Connection tracking (“conntrack”) is a core feature of the Linux kernel’s networking stack that tracks the logical network connections or flows. This enables stateful packet inspection for iptables so you can identify all of the packets which make up each flow. Specifically, conntrack is a command line interface for the connection tracking system and is more flexible than
/proc/net/ip_conntrack. With conntrack, you can show, delete and update existing state entries and listen to flow events.
Why use the Conntrack Telegraf Plugin?
The Conntrack Telegraf Plugin collects stats from Netfilter's conntrack-tools. Conntrack-tools provide a mechanism for tracking various network connections as they are processed by netfilter. At runtime, conntrack exposes many of those connection statistics within
/proc/sys/net. Depending on your kernel version, these files can be found in either
/proc/sys/net/netfilter and will be prefixed with either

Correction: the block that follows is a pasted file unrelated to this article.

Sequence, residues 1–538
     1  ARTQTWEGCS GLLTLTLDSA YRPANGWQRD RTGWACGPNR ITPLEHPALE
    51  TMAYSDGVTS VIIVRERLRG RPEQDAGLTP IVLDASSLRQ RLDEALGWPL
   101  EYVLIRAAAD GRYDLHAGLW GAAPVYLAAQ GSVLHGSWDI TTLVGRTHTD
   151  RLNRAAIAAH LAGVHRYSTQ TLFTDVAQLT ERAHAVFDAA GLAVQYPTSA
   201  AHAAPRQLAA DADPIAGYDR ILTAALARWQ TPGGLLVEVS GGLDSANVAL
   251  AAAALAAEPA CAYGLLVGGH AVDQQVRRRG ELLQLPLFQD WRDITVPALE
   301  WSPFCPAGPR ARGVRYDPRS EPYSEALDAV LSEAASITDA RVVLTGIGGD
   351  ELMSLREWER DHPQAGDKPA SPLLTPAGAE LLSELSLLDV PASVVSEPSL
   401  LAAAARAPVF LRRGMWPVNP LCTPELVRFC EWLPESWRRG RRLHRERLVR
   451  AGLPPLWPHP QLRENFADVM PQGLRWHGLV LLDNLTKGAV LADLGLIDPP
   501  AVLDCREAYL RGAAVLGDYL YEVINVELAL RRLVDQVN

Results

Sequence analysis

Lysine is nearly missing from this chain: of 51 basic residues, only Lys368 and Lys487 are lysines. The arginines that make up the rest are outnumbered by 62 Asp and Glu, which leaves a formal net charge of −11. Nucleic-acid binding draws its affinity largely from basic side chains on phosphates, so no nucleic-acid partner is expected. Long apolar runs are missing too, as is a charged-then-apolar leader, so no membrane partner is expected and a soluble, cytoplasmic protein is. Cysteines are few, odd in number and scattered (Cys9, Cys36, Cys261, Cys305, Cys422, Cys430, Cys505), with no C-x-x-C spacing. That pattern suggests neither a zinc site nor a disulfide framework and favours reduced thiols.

ip_ or nf_. This Conntrack Telegraf Plugin reads the files specified in its configuration and publishes each one as a field, with the prefix normalized to
Since conntrack normally improves performance (reduced CPU and reduced packet latencies), you can use this Telegraf plugin in conjunction with the other Telegraf plugins that collect network and system metrics to get a complete picture of your application stack.
How to use the Conntrack Telegraf Plugin
In order to simplify configuration in a heterogeneous environment, a superset of directory and filenames can be specified. Any locations that don't exist will be ignored.
For more information on conntrack-tools, see the Netfilter Documentation.
Key Conntrack metrics to use for monitoring
Some of the important Conntrack metrics that you can proactively monitor include the:
- number of entries in the conntrack table
- max capacity of the conntrack table